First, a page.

Looking it up on Wikipedia, I discovered Special K cereal has a track record of disappointment.  After introduction in 1955, the formula was changed for the US market but mostly retained in Canada until 2014, alienating a lot of Canadians; hell, once you’ve lost the good will Canadians, then why not go willy-nilly into bad ingredient choices like hydrogenated coconut oil, what the hell does anything matter?!  Also, “In September 2015, Special K launched a new advertising campaign with the slogan “Own It” during the Emmy Awards broadcast. Kellogg wants Special K’s message to be about self-empowerment, rather than counting calories.”  This was just naked projection on Special K’s part of course, because they were the ones who need to “Own It” about their terrible ingredient choices.  Also, “Denmark has outlawed the addition of vitamins in Kellogg’s products since 2004 .. because they claimed Kellogg’s Special K wanted to add extremely high levels of vitamin B6, calcium, folic acid, and iron, which would reach toxic levels when eaten on a daily basis. Young children risk liver and kidney damage while the fetuses of pregnant women could suffer complications.”  And that’s not even everything “bad” that’s listed Special K Wikipedia page.  Were I a Wikipedia editor, I think I’d end that section with “And their pumpkin spice version doesn’t taste like pumpkin spice at all.”  It really is the final insult.

Pumpkin Spice Cheerios

There’s no ginger to these oaty-oaty-ohs, which stings, but there is some real pumpkin, no hydrogenated oils, and the ingredients are all stuff you’d think cereal would be made out of, so we’re already ahead of the game here.  “It’s fall in a box! This seasonal flavor is going to be a pantry staple…but make sure to grab a box as it’s only available for a limited time.” Way ahead of you, Cheerios, I picked up two “family size” boxes this year.

These are fine enough, although I think they fall short of great.  The pumpkin spice flavor leads the usual (good) Cheerio taste that takes over for the back half of each bite and that pumpkin spice flavor is pretty decent, although I of course would make it stronger, given my druthers.  Up until I tired the Pumpkin Spice Frosted Flakes, these were my favorite pumpkin spice cereal, and kind of still are, as eating a bowl of them isn’t like ingesting a candy bar.

Voortman’s Pumpkin Spice Cookie

After the stellar wafers from Voortman’s that I wrote about last time, these cookies were a disappointment – not actively terrible mind you, just not engaging or a good example of pumpkin spice.  I can’t tell you if any of the the usual spices are used in baking these as the ingredients just list “natural flavors” plus “sugar, brown sugar, molasses”. There is some real pumpkin, but also some “modified” oils, which may mean hydrogenated.  Look, those wafers weren’t all that healthy either, but at least their taste justified the health concerns of eating crappy ingredients. Not so with these, despite the “real ingredients” tagline on their website. What you get here is a sort of soft ginger snap but without much ginger, that breaks up into crumbs fairly easily.  The flavor is alright I guess, if unspectacular on any front, but it’s really not pumpkin spice, even with real pumpkin in them.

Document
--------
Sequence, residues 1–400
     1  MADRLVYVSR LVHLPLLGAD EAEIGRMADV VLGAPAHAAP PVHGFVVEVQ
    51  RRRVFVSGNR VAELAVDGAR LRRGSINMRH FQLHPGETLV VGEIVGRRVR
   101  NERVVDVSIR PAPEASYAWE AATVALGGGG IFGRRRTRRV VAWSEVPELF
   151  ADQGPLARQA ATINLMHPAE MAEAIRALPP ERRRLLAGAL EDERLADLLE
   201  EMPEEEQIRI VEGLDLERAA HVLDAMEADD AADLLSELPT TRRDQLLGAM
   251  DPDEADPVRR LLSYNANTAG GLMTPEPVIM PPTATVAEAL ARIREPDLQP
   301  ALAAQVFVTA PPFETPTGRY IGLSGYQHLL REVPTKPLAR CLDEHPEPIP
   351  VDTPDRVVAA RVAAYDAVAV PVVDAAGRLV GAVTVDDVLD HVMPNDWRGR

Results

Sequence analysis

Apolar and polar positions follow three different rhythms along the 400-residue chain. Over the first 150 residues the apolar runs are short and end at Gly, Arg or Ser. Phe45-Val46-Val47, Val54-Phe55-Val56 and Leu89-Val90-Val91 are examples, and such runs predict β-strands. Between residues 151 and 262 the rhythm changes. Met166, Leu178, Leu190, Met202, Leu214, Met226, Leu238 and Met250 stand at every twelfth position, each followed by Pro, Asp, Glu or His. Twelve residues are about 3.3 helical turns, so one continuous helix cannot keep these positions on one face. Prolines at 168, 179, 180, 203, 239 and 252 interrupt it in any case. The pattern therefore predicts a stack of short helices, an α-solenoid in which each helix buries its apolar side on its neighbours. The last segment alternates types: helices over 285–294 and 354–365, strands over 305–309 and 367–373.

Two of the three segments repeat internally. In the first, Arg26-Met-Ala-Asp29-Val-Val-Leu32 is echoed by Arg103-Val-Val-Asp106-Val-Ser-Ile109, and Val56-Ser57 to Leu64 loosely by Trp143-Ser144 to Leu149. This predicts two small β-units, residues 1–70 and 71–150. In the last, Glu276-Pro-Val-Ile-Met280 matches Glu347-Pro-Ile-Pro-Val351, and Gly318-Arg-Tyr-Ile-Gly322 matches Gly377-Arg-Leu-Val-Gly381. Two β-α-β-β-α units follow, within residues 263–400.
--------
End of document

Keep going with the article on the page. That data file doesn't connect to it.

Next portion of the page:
Trader Joe’s Pumpkin Spice Rooibos Tea

Another cool thing found at Trader Joe’s, right?  I mean, it even comes in it’s own little metal can like Twinings Tea, so I thought how cool would it be to have a ‘pumpkin spice’ tin to store… things… in?  I do wonder what rooibos tea is though, never had that. Well, this is fairly cheap, I’ll take the plunge.

So rooibos tea isn’t a tea like black or green teas are but is an herbal tea that’s been harvested in a small mountain range in South Africa for generations, going back as early at the 1700s, but probably going back much further than that, knowing people’s ingenuity.   According to places I checked online, rooibos can be something like a hibiscus tea 1and taste “smoky, sweet, woody, grassy, vanilla, floral, geranium, honey, herbal and caramel,” and “incredibly smooth and gentle with a natural sweetness and slightly nutty taste. When brewed for longer, rooibos is full-bodied and rich, and you can smell the warm woody notes rising from your cup or teapot.

My cuppa made with this Trader Joe’s variant tasted like little more than a slap of clove, almost as if someone had added licorice to the tea mix.2  Presumably, someone thought this was a good idea. I’ve well described my clove bigotry before (“only good when it’s the weakest of all the pumpkin spices”), so you guess what I thought of this tea. People on Amazon and elsewhere seem to rave about this stuff, and yet somehow appear to have gone on living despite being so wrong.

The nylon tea bags (or” pyramid shaped sachet” as the tin notes it) that this tea comes in are too tightly woven to fully break the water’s surface tension and let it circulate well, much less sink below surface.  Presumably, someone thought this was a good idea too. And with some people pointing out how mankind’s zest for spreading chemical-sweating plastic microparticles throughout the environment and our food chain like confetti at a ticker tape parade just might not be a great idea, the tea might just fail based on these concerns alone.